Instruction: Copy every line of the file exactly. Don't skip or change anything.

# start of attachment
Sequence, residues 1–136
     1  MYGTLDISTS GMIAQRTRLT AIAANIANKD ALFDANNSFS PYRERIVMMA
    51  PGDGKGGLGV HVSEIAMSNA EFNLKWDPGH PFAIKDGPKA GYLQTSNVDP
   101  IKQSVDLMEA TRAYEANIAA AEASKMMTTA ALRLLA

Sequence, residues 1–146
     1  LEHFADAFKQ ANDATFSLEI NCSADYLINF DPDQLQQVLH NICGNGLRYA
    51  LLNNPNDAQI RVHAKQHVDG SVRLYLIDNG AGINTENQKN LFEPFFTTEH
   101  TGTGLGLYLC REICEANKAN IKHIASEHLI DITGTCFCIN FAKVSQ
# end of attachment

Sequence, residues 1–136
     1  MYGTLDISTS GMIAQRTRLT AIAANIANKD ALFDANNSFS PYRERIVMMA
    51  PGDGKGGLGV HVSEIAMSNA EFNLKWDPGH PFAIKDGPKA GYLQTSNVDP
   101  IKQSVDLMEA TRAYEANIAA AEASKMMTTA ALRLLA

Sequence, residues 1–146
     1  LEHFADAFKQ ANDATFSLEI NCSADYLINF DPDQLQQVLH NICGNGLRYA
    51  LLNNPNDAQI RVHAKQHVDG SVRLYLIDNG AGINTENQKN LFEPFFTTEH
   101  TGTGLGLYLC REICEANKAN IKHIASEHLI DITGTCFCIN FAKVSQ